Letter to the Minister Responsible for Anti-Racism from the OFL and Colour of Poverty–Colour of Change

 

March 10, 2017
Honourable Michael Coteau
Minister Responsible for Anti-Racism
14th Floor, 56 Wellesley Street West
Toronto, ON   M5S 2S3
Dear Minister Coteau,

The Ontario Federation of Labour (OFL) and Colour of Poverty – Colour of Change (COP-COC) welcome several of the announcements made earlier this week around the government’s Three Year Anti-Racism Strategic Plan, which includes the launch of Ontario’s Black Youth Action Plan, public education and awareness campaigns, and an anti-racism impact assessment. The OFL is also very pleased to see your steadfast commitment to pass legislation that will mandate the collection of race-based data across multiple sectors and environments (e.g., education, child welfare, justice, education, and health) in the Spring of 2017.

Together, Colour of Poverty – Colour of Change and the OFL – which formally represents one million unionized workers across the province – calls on the Anti-Racism Directorate to construct a comprehensive strategy around the economic and employment disparities facing Indigenous workers and workers of colour in Ontario.  This includes collecting race-based data across the Ontario labour market, applying an equity lens to Ontario’s employment and labour laws, and committing to introducing mandatory extended and robust employment equity legislation. For other recommendations, please refer to COP-COC’s and OFL’s submissions on the Anti-Racism Directorate as well (attached).

We know that insecure work is at the core of racial inequality in Ontario.  Although workers of colour have slightly higher levels of labour market participation, they continue to experience higher levels of unemployment and earn a lower income than non-racialized Canadians.  In fact, as a whole Canadians of colour earn 81 cents for every dollar paid to non-racialized Canadians.  This wage gap is even wider for Indigenous and workers of colour that are female, have accessibility issues, and/or are recent newcomers.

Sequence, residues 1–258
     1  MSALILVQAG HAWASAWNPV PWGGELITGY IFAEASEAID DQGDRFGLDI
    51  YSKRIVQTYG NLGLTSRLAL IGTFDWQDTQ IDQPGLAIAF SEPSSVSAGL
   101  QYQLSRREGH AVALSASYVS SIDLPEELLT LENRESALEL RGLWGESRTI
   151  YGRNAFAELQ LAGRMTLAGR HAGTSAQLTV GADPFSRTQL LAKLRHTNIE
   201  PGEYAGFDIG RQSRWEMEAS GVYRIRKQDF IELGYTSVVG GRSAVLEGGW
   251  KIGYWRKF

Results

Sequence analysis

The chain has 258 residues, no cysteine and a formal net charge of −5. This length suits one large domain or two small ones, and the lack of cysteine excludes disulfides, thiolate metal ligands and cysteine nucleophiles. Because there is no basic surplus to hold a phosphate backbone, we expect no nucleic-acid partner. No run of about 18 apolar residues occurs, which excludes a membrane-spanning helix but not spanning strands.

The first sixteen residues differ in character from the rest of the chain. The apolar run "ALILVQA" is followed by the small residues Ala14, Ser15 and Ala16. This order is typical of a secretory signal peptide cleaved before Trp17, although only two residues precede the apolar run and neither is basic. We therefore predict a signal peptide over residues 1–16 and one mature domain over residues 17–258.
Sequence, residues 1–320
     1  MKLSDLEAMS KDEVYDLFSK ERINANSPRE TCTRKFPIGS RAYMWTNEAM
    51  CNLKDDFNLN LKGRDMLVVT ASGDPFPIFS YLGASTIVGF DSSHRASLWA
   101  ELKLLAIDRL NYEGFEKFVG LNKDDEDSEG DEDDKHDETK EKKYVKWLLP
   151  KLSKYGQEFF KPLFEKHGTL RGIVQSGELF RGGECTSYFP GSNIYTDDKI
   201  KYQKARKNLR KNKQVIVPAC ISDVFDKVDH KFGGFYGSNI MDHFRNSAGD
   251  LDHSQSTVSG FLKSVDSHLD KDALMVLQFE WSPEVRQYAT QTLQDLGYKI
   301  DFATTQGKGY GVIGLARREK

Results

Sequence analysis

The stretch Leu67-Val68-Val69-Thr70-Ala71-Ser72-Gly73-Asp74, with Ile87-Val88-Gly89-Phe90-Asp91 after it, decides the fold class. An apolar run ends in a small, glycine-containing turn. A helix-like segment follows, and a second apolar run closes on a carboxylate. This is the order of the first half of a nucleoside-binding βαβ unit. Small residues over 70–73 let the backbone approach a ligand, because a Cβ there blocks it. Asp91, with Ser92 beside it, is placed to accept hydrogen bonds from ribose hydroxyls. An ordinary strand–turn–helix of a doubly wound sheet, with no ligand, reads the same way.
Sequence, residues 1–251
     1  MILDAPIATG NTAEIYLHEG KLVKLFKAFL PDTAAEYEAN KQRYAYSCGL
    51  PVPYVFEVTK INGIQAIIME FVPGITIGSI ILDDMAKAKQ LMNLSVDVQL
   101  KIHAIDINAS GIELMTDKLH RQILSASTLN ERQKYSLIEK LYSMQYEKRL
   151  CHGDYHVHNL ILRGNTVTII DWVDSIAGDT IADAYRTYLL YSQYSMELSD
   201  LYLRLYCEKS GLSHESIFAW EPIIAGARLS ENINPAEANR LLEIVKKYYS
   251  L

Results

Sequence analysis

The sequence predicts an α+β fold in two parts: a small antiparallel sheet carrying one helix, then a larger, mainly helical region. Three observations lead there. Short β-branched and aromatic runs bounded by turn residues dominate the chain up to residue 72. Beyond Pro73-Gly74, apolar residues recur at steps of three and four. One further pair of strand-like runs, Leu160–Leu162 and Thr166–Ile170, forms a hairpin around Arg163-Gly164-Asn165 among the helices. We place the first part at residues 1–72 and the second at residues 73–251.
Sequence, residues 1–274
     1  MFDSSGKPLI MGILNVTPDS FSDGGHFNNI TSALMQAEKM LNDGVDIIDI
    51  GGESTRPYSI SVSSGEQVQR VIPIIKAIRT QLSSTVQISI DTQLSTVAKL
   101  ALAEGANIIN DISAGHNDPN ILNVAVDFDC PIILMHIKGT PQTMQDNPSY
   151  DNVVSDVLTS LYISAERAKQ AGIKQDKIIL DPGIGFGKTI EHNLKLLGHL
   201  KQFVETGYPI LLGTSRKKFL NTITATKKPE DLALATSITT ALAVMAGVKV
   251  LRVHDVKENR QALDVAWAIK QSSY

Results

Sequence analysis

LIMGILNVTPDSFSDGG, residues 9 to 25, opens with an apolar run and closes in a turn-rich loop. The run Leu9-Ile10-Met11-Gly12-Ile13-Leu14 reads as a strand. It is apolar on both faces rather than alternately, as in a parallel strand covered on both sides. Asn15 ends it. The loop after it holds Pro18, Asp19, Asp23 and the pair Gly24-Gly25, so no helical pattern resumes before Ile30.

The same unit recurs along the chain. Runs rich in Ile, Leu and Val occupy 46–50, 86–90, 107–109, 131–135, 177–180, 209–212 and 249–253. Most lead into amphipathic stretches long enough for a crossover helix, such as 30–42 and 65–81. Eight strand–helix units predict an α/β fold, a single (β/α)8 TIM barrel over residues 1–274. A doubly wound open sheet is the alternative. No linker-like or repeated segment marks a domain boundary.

This racialized wage differential is partly due to the lack of opportunity afforded to Indigenous workers and workers of colour in accessing well paying, secure jobs.  It is therefore imperative that the government leverage the opportunity of the Changing Workplaces Reviewto apply an equity lens on employment conditions in Ontario and make meaningful changes to the Employment Standards and the Labour Relations Acts that will create decent work for all Ontarians.

The government must also introduce effective employment regulating legislation to ensure that all Ontarians have fair and equitable opportunities in the labour market.  This piece of legislation must assist in removing employment barriers, establishing transparent human resource policies and practices, and cultivating a culture of equity and inclusion in all Ontario workplaces.

It is incumbent on the government to help ensure that Indigenous workers and workers of colour do not fall further behind in the labour market.

Sincerely,

Ahmad Gaied

Executive Vice-President, Ontario Federation of Labour (OFL)

 

The COPC Steering Committee members
Access Alliance Multicultural Health & Community Services
African Canadian Legal Clinic
Canadian Arab Federation
Chinese Canadian National Council Toronto Chapter
Council of Agencies Serving South Asians
Hispanic Development Council
Karuna Community Services
Mennonite New Life Centre of Toronto
Metro Toronto Chinese & South East Asian Legal Clinic
Midaynta Community Services
Ontario Council of Agencies Serving Immigrants
La Passerelle – I.D.E.
South Asian Legal Clinic of Ontario
Thorncliffe Neighbourhood Office
Professor Grace-Edward Galabuzi (Ryerson University)

 

 

cc:    The Honourable Kathleen Wynne, Premier
OFL Executive Board & Council
OFL Workers of Colour Committee

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